Although leaf blowers are not the most complex piece of electrical or gas equipment, they come into contact with a large number of leaves, branches and dirt on a daily basis. This can lead to soiling or rapid wear and tear of the unit if it is not regularly checked and maintained.
Although the maintenance procedures for the different types of blowers vary to some extent, the basic contours are more or less the same. That said, you should note that gas blowers have a slightly longer maintenance list than an electric blower and, therefore, some steps that may apply to the former may not be relevant to the latter. In the following maintenance guide, we have therefore marked the steps that are only necessary for gasoline blowers.
The air filter consists of a rectangular piece of porous material that removes dust from the air passing through it. Check the air filter by unscrewing the air filter shield or bushing and removing it. Remove the air filter and note whether the white surface contains black or grayish sediment. Wipe with a cloth or rag and put it back in the unit.
One of the few electrical components that can wear out over time, starters are essential to ensure that the flow of electricity occurs properly. Generally, it consists of three components – device, tension spring and cord. Unscrew all three of their sockets and check for oil or dirt build-up. Also note whether the connections and springs are in good condition. If there’s too much oil, wipe it off. However, if the springs, etc. are damaged, you may need to replace the starter component.
Note: Do not attempt to repair starter components. All three are inexpensive and are easily available in local shops.
The locking and release mechanism may loosen or wear out over time due to repeated use. Carefully check the condition of the throttle lock and associated trigger and replace parts if any of them appear worn.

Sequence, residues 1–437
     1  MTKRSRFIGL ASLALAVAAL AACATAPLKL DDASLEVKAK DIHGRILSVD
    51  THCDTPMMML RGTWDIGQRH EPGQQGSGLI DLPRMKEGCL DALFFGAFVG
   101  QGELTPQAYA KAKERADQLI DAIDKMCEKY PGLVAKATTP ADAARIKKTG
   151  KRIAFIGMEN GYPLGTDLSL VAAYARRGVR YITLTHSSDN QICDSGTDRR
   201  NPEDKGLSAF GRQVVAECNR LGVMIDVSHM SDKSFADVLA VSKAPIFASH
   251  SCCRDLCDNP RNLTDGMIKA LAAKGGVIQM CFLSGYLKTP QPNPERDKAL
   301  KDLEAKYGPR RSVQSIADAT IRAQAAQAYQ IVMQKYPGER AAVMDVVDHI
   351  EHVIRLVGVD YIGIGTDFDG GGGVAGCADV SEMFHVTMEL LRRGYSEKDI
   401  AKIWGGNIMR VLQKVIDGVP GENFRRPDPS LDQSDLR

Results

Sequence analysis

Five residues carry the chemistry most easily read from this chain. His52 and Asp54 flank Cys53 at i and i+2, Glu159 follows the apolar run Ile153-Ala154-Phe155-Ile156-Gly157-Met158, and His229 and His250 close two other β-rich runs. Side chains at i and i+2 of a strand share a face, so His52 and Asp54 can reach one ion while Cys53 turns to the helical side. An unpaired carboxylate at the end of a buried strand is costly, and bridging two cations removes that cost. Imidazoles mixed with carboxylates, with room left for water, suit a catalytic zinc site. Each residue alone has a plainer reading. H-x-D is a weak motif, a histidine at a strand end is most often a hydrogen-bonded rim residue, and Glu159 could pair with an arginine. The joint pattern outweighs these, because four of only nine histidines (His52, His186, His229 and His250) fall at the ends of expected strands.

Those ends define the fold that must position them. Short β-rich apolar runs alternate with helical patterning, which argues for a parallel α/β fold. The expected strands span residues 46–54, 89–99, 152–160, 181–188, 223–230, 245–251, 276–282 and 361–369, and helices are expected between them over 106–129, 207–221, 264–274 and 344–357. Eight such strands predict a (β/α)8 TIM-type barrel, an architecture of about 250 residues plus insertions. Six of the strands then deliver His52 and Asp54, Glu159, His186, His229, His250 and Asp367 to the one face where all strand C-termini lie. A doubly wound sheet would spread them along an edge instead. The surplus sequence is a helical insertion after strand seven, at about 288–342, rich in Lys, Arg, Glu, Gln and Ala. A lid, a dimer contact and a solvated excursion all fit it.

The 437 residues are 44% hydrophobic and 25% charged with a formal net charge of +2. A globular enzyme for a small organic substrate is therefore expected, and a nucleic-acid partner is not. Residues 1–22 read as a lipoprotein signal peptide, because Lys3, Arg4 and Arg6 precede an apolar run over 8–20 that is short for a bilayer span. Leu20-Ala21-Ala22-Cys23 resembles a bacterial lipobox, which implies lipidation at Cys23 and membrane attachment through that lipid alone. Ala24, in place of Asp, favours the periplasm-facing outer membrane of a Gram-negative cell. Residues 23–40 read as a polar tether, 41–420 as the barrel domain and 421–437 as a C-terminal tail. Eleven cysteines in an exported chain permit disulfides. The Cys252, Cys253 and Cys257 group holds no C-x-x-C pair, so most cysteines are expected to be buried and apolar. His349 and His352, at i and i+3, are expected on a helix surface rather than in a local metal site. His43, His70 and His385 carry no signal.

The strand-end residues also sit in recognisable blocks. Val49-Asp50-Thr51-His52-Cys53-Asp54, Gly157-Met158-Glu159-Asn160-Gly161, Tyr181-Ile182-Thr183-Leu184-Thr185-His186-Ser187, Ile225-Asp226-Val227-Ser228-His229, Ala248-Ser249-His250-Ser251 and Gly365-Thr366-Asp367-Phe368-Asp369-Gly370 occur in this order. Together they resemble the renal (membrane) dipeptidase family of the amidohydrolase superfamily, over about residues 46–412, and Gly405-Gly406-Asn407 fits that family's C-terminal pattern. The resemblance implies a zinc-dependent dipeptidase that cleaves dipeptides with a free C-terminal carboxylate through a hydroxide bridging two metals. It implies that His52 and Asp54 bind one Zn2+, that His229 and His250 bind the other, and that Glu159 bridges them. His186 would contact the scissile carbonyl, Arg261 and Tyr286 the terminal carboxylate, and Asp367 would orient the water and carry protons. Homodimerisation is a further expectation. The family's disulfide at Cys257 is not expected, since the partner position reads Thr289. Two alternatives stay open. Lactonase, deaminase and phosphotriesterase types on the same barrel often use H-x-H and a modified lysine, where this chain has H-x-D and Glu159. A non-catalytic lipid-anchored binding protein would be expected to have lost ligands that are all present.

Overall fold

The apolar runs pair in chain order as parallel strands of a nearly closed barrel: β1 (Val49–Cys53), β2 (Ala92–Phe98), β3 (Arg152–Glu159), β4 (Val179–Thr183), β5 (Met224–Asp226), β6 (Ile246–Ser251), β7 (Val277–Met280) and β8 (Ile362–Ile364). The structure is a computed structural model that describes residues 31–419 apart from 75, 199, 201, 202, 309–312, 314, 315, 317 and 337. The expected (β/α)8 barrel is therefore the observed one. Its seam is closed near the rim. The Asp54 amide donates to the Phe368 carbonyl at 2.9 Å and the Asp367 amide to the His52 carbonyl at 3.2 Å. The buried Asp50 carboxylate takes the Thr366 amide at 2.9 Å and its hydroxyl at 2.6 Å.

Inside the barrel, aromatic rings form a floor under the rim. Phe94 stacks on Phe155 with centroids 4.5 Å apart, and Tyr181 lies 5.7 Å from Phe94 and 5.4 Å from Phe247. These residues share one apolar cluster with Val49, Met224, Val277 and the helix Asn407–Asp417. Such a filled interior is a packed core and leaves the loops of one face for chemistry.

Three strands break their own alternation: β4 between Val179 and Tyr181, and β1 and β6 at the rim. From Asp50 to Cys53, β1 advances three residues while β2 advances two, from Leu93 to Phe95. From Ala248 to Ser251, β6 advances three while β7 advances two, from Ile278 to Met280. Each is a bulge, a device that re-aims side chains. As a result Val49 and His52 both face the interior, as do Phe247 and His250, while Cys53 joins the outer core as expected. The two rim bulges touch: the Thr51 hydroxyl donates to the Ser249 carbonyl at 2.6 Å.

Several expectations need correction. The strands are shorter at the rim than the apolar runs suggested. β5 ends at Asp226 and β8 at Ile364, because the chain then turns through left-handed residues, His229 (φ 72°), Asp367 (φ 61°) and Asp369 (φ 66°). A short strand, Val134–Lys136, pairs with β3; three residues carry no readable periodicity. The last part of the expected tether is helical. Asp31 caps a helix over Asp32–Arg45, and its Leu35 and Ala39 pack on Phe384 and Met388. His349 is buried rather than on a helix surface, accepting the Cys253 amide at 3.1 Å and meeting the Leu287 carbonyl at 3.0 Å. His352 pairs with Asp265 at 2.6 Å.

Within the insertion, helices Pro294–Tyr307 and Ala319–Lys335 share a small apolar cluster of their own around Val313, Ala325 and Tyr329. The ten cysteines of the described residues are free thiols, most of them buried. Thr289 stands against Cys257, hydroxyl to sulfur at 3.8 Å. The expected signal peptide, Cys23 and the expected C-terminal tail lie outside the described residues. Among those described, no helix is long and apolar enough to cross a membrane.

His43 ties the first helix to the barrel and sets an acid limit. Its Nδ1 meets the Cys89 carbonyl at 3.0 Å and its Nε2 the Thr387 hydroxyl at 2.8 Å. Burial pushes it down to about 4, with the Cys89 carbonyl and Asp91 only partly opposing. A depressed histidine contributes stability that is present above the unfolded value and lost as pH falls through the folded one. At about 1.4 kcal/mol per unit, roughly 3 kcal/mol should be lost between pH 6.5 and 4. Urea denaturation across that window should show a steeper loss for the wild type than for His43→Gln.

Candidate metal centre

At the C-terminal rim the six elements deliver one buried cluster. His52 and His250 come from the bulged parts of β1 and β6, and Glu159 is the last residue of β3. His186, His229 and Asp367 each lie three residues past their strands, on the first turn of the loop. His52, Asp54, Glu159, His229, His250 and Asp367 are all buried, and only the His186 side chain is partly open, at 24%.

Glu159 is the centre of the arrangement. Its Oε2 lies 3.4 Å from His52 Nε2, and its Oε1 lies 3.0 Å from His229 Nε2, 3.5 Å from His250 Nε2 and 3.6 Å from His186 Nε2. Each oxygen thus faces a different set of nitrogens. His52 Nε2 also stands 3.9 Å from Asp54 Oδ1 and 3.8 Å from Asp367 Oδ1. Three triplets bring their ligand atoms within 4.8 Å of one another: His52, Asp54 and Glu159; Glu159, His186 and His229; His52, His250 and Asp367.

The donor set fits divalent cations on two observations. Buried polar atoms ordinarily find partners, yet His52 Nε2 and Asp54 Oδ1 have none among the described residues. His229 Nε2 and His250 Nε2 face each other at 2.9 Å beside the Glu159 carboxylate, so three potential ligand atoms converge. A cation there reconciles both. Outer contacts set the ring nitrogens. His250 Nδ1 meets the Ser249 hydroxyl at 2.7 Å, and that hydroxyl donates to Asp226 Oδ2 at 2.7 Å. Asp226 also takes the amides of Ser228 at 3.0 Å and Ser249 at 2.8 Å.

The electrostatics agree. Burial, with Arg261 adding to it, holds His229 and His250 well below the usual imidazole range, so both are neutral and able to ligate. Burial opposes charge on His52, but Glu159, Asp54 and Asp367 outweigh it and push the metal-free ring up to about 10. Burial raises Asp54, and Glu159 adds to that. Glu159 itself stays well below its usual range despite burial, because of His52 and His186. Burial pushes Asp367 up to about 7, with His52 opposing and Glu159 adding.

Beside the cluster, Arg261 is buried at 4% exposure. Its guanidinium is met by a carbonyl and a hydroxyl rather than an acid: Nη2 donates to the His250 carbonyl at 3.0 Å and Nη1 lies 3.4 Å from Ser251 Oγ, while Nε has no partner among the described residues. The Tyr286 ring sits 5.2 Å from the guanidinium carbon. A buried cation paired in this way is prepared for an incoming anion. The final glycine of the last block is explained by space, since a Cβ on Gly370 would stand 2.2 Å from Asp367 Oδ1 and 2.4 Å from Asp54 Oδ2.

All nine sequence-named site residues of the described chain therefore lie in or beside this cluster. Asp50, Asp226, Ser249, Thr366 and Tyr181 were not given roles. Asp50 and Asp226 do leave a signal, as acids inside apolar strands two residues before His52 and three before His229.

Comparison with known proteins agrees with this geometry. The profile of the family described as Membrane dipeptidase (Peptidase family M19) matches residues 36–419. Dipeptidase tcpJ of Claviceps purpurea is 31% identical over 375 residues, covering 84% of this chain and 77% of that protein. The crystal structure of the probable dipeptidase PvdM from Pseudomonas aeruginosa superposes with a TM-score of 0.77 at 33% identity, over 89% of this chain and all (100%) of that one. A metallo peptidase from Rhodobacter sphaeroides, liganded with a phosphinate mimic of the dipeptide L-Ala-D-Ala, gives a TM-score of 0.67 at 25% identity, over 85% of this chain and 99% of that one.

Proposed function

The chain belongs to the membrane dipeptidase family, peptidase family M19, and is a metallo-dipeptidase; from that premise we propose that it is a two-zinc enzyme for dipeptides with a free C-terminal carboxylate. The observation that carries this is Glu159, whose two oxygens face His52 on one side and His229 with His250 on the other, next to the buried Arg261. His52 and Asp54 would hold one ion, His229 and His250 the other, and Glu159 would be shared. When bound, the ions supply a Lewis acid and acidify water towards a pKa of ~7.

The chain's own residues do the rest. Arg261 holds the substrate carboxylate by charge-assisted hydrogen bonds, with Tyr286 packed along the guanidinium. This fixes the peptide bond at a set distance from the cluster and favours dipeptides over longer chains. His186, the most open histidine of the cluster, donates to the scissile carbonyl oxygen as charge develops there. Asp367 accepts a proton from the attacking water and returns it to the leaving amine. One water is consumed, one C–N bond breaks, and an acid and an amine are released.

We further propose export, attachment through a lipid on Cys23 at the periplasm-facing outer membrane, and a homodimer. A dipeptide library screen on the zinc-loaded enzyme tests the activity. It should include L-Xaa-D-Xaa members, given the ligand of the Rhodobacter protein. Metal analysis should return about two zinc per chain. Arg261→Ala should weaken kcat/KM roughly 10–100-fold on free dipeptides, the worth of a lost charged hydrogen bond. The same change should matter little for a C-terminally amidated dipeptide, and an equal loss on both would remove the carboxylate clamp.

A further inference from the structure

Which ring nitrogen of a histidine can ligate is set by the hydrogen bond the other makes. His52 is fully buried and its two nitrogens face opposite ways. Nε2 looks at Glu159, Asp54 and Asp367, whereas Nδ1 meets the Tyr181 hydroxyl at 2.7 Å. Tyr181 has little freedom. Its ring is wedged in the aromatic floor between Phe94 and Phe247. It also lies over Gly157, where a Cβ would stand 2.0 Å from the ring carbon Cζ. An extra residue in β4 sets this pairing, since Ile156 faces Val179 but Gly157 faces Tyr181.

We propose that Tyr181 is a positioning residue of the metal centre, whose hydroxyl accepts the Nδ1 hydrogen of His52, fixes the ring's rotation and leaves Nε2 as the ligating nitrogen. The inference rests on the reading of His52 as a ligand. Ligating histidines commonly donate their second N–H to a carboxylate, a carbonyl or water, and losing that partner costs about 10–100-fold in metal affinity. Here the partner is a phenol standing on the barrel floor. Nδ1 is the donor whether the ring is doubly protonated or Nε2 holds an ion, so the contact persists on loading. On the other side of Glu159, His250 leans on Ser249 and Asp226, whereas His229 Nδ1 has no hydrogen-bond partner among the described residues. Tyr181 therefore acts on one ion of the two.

One carburetor is generally only used in gasoline units, while the other two are common to all leaf blower models. If you have a petrol appliance, first clean the carburettor and then wipe the outside of the spark plug with a dry cloth. If you have an electric blower, go directly to the outlet and then to the fan. You can use canned air to remove some of the toughest dirt. However, avoid using liquid detergents, as they can seep into electrical components and cause malfunctions.
Necessary only for thermal leaf blowers (gasoline), this step ensures that there is always enough fuel available in the tank and maintains fuel quality. Before draining off the fuel, switch off the machine for at least half an hour. Connect a funnel to the tank mouth and empty the fuel into a container. Do not use this spent fuel for any purpose – send it to the recycling plant instead.
Connect the funnel to a new fuel tank and carefully pour a sufficient amount into the fuel tank. Close the tank and run the machine for a few minutes to check that the new fuel is being transported correctly.
In addition to the above steps, you should also wipe the inside and outside of your leaf blower hose as much as possible. In addition, it is also necessary to retighten the screws and clean the outside of the machine at regular intervals in order to maintain the functionality and aesthetics of the machine. In combination with the above steps, these maintenance procedures for louver blowers should provide sufficient security against wear and tear from regular operation.
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